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Ground (g)


Section 30(1)(g) of the 1954 Act provides the following as a ground entitling the landlord to resist an order for a new lease:
    "that on termination of the current tenancy the landlord intends to occupy the holding for the purposes of a business carried on by him".

Judicial gloss

However, the courts have put a gloss on this simple statement. For example: "A man cannot properly be said to intend to do a work when he has not got the means to carry it out. He may hope to do so: he will not have the intention to do so". (Roehorn v Barry Corporation, Lord Denning). Or "The question whether the landlords intend to occupy the premises is primarily one of fact, but the authorities establish that, to prove such an intention, the landlord must prove two things. First, a genuine bona fide intention on the part of the landlords that they intend to occupy the premise for their own purposes. Second, the landlords must prove that, in point of possibility, they have a reasonable prospect of being able to bring this occupation by their own act of volition". (Gregson v Cyril Lord Ltd [1962] 3 All ER 907).

The test (including the judicial gloss) therefore has two limbs to it. Does the landlord have:
  • A bona fide intention to occupy the holding for the purposes of the business (a subjective element)?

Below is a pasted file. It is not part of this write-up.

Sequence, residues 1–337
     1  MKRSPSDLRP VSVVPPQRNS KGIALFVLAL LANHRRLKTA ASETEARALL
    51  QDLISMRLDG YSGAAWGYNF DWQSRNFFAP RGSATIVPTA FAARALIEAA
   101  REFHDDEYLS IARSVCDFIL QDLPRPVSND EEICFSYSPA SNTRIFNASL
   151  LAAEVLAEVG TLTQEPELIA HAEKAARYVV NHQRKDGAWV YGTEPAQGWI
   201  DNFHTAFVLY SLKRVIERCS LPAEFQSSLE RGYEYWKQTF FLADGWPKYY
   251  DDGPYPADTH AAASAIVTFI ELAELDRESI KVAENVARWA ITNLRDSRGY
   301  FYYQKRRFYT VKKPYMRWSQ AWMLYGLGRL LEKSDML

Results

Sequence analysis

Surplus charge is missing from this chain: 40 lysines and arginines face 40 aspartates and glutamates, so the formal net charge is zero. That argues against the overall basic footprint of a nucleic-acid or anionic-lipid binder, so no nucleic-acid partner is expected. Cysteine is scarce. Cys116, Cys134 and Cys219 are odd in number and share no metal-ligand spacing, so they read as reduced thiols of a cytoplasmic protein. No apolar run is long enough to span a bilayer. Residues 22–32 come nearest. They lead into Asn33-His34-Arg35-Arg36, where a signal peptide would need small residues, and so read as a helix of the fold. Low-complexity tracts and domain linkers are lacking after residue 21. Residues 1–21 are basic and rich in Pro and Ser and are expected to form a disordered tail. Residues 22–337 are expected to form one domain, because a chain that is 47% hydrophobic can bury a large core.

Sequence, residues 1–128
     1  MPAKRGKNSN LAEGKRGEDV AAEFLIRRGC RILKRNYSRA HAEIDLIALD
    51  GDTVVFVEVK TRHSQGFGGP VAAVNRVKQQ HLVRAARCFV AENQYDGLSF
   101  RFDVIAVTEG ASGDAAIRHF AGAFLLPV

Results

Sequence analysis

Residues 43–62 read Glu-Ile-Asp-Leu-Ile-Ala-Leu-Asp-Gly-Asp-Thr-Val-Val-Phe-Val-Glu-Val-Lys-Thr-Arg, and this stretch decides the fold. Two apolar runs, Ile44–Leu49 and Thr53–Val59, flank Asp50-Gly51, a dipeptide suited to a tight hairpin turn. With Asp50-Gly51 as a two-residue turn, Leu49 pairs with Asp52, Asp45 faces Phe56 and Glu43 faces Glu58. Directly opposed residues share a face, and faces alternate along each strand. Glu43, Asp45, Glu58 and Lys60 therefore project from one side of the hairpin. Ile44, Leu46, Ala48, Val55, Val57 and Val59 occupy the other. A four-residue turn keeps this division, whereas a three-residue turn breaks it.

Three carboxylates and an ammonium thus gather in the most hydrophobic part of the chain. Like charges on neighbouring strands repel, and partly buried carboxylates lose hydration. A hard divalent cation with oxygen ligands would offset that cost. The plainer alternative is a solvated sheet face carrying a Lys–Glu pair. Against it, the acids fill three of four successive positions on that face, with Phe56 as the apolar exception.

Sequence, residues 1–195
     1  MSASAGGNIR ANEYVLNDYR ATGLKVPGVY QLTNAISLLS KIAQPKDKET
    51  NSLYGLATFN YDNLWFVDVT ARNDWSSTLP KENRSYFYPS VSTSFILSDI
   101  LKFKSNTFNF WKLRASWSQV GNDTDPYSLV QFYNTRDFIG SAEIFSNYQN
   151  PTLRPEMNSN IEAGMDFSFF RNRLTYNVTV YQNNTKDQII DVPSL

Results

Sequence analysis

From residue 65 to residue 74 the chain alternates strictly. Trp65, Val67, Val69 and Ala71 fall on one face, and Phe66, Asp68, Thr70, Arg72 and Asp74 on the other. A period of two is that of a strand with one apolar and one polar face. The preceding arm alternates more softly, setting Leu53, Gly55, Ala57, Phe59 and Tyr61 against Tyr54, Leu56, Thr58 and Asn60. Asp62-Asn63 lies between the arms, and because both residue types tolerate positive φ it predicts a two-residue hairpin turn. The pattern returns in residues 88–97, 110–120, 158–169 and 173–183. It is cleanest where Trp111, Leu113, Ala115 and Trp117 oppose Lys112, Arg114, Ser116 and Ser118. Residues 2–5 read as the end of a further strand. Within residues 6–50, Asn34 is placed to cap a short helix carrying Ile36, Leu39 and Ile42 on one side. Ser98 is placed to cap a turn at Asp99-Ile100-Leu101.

• A real possibility of starting the business (an objective element)?

Limits of the gloss

There are two fairly recent cases that remind us that the purpose of the judicial gloss is only to ensure that the landlord satisfies the court as to intention and that the burden is not a particularly heavy one:

In Dolgellau Golf Club v Hett (1998) L intended to take over and run a golf course. He had no schemes, no indication of likely cost, no real idea of finances. Yet the application for a new lease was refused.

In Gatwick Parking Services Ltd v Sargent [2000] 2 EGLR 45 a collateral "mother of all battles" over planning permission did not stop the landlord from successfully relying upon s30(1)(g).

Auld LJ in Dolgellau Golf Club at 79E:
    ".. the function of the judicial gloss on the statutory test of intention is to determine the reality of a landlords intention to start a busine ... THIS IS AN EXTRACT OF THE FULL TEXT. TO GET THE FULL TEXT, SEE BELOW

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